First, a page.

Catch of the Day
At Aqua Reef, the atmosphere is as elegant as the fish is fresh.
Aqua Reef, Las Cruces' smashing new sushi restaurant, is more than dinner — it's a dining adventure. Practically shoe-horned into the old Telshor Deli site in the Celebrate building, the completely renovated space carries no trace of its former identity. In fact, the building's sterile exterior and the meager pot of bamboo at the door belie Aqua Reef's swanky, chic-yet-cozy interior.
The decor is very Zen — clean lines, dark striking colors, smooth luminous stones weighting down the earthy brown napkins set at each place; it's a sort of sophisticated - dining - room - meets - meditation - haven. Just stepping through the door, even behind a herd of other patrons on yet another busy night, is enough to soothe the senses.
On a recent evening, just three weeks after the restaurant's opening, the friendly staff greet the steady stream of guests and guide them to tables or direct them to the bar, where we grab the last two open seats.
The bar, with around a dozen seats, wraps around the floating sushi bar. In a slender steel circular trough of water, a constant stream of little wooden boats bearing tiny plates of food cruises past the seated patrons' eyes. Two sushi chefs prepare fresh sushi rolls and more, replenishing the little boats and handing off special orders to servers to take to tables.
We barely open the handsome book-style menus when a server arrives to take our drink order. Aqua Reef serves eight beers, including some Asian brews, has a good roster of cocktails — some made with sake, of course — and a decent assortment of wines by the glass ($6-$9) and bottle (starting at $14, most in the $25 range). For the non-alcoholic crowd, there are creative specialty cold drinks, plus iced and hot teas, including jasmine petal, green sencha and lily blossom.
The idea of sitting down at a pleasant bar and being able to pluck plates of food off tiny boats for instant gratification is tantalizing. The fact that the dishes are exotic and beautiful — well!
On the floating sushi bar, the different colored plates denote the prices — $2 for the blue plates, $3 for the gold, $4 for black. According to the menu, there are three different items in each price category. We snag two plates — a Kaiso seaweed salad and Sunomono crab salad — to start. The slightly spicy sesame-dressed seaweed salad is complemented perfectly by the cooling crab dish.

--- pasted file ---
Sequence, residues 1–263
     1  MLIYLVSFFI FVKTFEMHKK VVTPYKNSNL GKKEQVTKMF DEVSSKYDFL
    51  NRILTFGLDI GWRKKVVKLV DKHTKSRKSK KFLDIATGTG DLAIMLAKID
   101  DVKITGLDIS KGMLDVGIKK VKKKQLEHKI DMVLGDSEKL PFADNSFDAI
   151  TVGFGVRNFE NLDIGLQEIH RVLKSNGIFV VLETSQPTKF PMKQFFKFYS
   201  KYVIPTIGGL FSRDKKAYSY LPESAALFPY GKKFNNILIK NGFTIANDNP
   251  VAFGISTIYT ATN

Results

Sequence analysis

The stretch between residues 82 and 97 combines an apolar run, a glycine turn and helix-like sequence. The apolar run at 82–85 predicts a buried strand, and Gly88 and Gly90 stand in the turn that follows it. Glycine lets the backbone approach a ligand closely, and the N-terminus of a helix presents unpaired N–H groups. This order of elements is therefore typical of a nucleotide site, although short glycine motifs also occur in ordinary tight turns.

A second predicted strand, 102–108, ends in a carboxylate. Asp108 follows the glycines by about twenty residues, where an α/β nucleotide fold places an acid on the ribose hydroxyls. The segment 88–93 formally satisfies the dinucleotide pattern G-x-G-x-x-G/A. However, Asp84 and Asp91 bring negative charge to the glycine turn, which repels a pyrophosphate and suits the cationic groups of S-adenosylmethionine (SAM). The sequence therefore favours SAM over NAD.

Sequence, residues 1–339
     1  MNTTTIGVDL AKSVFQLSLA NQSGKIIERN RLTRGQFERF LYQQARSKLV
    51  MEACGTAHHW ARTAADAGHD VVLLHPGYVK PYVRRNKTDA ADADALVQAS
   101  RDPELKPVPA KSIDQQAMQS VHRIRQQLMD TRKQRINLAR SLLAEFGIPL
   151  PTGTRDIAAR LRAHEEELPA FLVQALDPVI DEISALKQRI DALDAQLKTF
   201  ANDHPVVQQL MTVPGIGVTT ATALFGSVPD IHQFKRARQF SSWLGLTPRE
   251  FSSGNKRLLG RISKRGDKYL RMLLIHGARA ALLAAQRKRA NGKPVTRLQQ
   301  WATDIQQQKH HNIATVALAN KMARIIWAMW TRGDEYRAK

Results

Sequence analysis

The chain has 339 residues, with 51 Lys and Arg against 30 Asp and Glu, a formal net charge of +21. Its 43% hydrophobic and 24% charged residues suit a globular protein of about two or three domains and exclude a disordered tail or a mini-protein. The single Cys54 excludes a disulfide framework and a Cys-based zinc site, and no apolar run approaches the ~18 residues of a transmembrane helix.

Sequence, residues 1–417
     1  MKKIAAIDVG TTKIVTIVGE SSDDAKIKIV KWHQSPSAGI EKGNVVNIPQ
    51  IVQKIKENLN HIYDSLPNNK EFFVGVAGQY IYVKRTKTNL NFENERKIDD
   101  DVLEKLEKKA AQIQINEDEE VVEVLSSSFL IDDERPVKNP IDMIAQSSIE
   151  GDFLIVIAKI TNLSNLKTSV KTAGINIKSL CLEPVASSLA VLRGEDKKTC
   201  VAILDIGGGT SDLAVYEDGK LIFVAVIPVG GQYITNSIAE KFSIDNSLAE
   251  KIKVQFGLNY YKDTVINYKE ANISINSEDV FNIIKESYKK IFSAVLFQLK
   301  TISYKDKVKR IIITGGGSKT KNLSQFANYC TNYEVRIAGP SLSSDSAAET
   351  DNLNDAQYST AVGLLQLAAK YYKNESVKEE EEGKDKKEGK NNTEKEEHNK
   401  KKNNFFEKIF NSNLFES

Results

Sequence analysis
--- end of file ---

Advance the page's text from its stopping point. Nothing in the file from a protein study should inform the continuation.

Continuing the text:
We sip our wine and chat with the folks next to us who've just gotten their bento boxes. These combo entrees ($8-$11) feature chicken, beef, salmon or ribs with spring rolls or a potato dish, along with fried rice and seaweed salad. Portions are not skimpy, yet not-too-much, either. Just right, perhaps, after a tiny plate or two from the boat brigade. With just a bento, you'll definitely have room for dessert.
Still contemplating other items on the menu, we grab two plates with maki-type sushi options: one with slightly spicy grilled saku tuna and the other with smoked salmon, mango, cream cheese, scallion and cucumber. Another perfect match-up of heat and cool.
Through our server, we order something hot from the menu, as another couple nearby gets a sushi sampler ($13) and plate of tuna sashimi ($13) delivered. The long, slender, compartmentalized sampler platter with brilliant little portions of fresh yellowtail, shrimp, salmon, squid salad and seaweed salad is elegant to behold.
The lady rolls her eyes with pleasure and comments on the freshness. The couple splits the eight pieces of deep-red tuna slices between them. The sashimi is perfect in texture and color, he says. And this guy seems to know his sushi, as he said his only disappointment with Aqua Reef was that they didn't have his favorite traditional sushi dish — fish roe over a quail egg.
We down another dish from the boat parade — the Ika Sansai Squid Salad — in which the chunks of cephalopods are properly chewy without being rubbery and the veggies are tender. As that small plate is cleared away, our warm prosciutto-wrapped asparagus spears in balsamic glaze ($8) ordered from the menu arrive. Containing three little skewers, the dish is a sweet-and-salty bite of heaven.
Though Aqua Reef bills itself as serving "Euro-Asian cuisine," the menu feels (delightfully!) hard-core Asian, excelling in the fresh and raw, and with only a nod to any "Euro" influences. Even the Baby Back Ribs ($10) — "finger-licking good!" — were cooked in teriyaki sauce. The Chipotle Chicken Salad ($8) and Asadero Stuffed Green Chile ($7) are more New Mexican than "Euro." Menu pages filled with grilled satays, tempuras and other cooked dishes offer plenty of options to those eschewing raw fish. Vegetarians will have to work a bit to string a meal together — Asian Pear Garden Salad, grilled pineapple skewers, miso soup and the aforementioned stuffed chile are the few veggie options we find on the menu.
Surprisingly given its Asian emphasis, Aqua Reef offers a good variety of desserts — from simple ice cream ($3) to tempura ice cream ($6) to chocolate won tons ($5) to chocolate fondue for two ($13). We try the cheesecake spring rolls ($6): vanilla and chocolate cheesecake, deep-fried in a spring-roll wrap. Ample enough to share, it's crispy, not at all greasy, rolled in cinnamon sugar, hot on the outside and still cold on the inside.
Soothed by the elegant atmosphere and attentive staff, our tummies satisfied by the many-flavored meal and its sweet finish, we leave the restaurant already anticipating the next time we hoist anchor and head to Aqua Reef.
— Donna Clayton Lawder